Than in the breath that from my mistress reeks:
I love to hear her speak, yet well I know
That music bath a far more pleasing sound;
I grant I never saw a goddess go;
My mistress, when she walks, treads on the ground.
And yet, by heaven, I think my love as rare
As any she belied with false compare.

Pupil 5: The first period (1590-1600) of Shakespeare’s creative work consists of comedies and histories. In this period Shakespeare wrote such histories as “King Henry V”, “King Richard II”, “King Richard III” and others. Here the author showed historical events and dramatic characters.

“Romeo and Juliet” is one of Shakespeare’s best plays. It is a tragedy, but it was written in the first period of his creative work. This play is full of love, youth and humanism. We would like to show you a little scene from this play.

“Romeo and Juliet”

(Act II, Scene 2: Capulet’s orchard)

Romeo: He jests at scars that never felt a wound.

(Juliet appears above at a window)

But soft! What light through yonder window breaks?

It is the East, and Juliet is the sun!

Arise, fair sun, and kill the envious moon,

Who is already sick and pale with grief,

That thou her maid art far more fair than she,

Be not her maid, since she is envious,

Her vestal livery is but sick and green,

And none but fools do wear it. Cast it off.

It is my lady; O, it is my love:

O that she knew she were.

She speaks, yet she says nothing.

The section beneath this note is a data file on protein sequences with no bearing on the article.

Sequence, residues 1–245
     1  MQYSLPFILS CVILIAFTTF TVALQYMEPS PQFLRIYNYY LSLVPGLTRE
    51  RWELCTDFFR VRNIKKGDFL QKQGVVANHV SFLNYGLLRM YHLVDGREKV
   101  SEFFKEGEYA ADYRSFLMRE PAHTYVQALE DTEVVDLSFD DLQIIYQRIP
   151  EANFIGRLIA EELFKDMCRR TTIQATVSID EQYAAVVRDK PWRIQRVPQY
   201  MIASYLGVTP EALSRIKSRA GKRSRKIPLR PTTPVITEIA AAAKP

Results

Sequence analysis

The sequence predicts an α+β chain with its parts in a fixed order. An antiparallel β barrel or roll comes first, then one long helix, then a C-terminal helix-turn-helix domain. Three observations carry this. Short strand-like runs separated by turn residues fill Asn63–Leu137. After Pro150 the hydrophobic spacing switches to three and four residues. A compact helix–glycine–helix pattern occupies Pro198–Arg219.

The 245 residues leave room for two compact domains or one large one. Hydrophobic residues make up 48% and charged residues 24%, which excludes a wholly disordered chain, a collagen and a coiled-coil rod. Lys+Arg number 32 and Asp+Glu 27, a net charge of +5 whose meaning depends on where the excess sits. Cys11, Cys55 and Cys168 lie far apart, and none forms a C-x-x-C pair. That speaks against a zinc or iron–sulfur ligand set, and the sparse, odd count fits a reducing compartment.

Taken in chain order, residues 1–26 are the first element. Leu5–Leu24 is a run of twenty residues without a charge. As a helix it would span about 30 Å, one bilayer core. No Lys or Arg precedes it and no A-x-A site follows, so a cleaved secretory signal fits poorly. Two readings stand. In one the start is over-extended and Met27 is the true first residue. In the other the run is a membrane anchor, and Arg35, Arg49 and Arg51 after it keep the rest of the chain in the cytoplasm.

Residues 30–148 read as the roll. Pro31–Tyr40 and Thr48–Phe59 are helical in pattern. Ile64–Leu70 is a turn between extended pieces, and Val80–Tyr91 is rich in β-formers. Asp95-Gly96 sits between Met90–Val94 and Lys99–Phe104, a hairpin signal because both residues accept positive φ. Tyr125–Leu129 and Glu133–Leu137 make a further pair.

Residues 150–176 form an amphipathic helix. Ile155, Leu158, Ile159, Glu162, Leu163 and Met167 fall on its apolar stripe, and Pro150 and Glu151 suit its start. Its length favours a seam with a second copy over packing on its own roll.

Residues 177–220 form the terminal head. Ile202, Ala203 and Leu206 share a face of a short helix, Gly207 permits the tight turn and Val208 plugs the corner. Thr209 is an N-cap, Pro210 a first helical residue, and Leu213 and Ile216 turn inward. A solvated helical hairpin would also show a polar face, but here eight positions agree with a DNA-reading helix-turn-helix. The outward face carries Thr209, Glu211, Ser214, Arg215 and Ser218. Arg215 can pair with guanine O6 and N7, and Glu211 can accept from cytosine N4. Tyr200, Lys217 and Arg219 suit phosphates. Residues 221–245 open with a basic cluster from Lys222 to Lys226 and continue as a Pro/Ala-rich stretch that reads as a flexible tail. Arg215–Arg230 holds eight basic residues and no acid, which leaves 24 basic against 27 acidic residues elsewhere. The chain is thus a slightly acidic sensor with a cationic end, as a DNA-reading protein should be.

Her eye discourses; I will answer it. What of that? -4-

See how she leans her cheek upon her hand,

That I might touch that cheek.

Juliet: O, Romeo, Romeo! Wherefore art thou Romeo?

Deny thy father and refuse thy name:

Or, if thou will not, be but sworn my love

And I’ll no longer be a Capulet.

Romeo: Shall I hear more or shall I speak at this?

Juliet: Tis but thy name that is my enemy.

Thou art thyself, though not a Montague!

What’s Montague? It is nor hand, nor foot,

Nor arm, nor face, nor any other part

Belonging to a man! O, be some other name!

What’s in a name? That which we call a rose

By any other name would smell as sweet

So Romeo would, were he not Romeo call’d,

Retain that dear perfection which he owes

Without that title. Romeo, doff thy name;

And for thy name, which is no part of thee,

Take all myself.

Romeo: I take thee at thy word.

Call me but love, and I’ll be new baptiz’d

Henceforth I never will be Romeo.

Pupil 6: All of Shakespeare’s famous tragedies appeared between 1600 and 1608. This was the second period of his literary work. In the plays of this period the dramatist reaches his full maturity. He presents great human problems. This period began with the tragedy “Hamlet”, which was a great success. The following plays belonging to the second period: “King Lear”, “Othello”, “Macbeth”.

Pupil 7: Shakespeare’s plays of the third period (1609-1611) are called romantic dramas: “The Tempest”, “The Winter’s Tale”, “Henry VIII”.

William Shakespeare retired, about 1611, to Stratford, where he bought a house known as New Place and dealt with investing his savings in London’s estate.

The day of his death was the 23rd of April, 1616, fifty-two years exactly after the supposed day of his birth.